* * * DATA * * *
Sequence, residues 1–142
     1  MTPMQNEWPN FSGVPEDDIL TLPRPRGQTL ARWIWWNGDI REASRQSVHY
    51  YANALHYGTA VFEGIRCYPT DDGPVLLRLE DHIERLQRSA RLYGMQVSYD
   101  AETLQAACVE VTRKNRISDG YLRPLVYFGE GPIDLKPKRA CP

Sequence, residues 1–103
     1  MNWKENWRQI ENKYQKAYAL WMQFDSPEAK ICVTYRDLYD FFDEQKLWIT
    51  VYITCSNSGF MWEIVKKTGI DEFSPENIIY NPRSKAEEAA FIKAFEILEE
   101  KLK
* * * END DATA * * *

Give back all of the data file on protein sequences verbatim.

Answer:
Sequence, residues 1–142
     1  MTPMQNEWPN FSGVPEDDIL TLPRPRGQTL ARWIWWNGDI REASRQSVHY
    51  YANALHYGTA VFEGIRCYPT DDGPVLLRLE DHIERLQRSA RLYGMQVSYD
   101  AETLQAACVE VTRKNRISDG YLRPLVYFGE GPIDLKPKRA CP

Sequence, residues 1–103
     1  MNWKENWRQI ENKYQKAYAL WMQFDSPEAK ICVTYRDLYD FFDEQKLWIT
    51  VYITCSNSGF MWEIVKKTGI DEFSPENIIY NPRSKAEEAA FIKAFEILEE
   101  KLK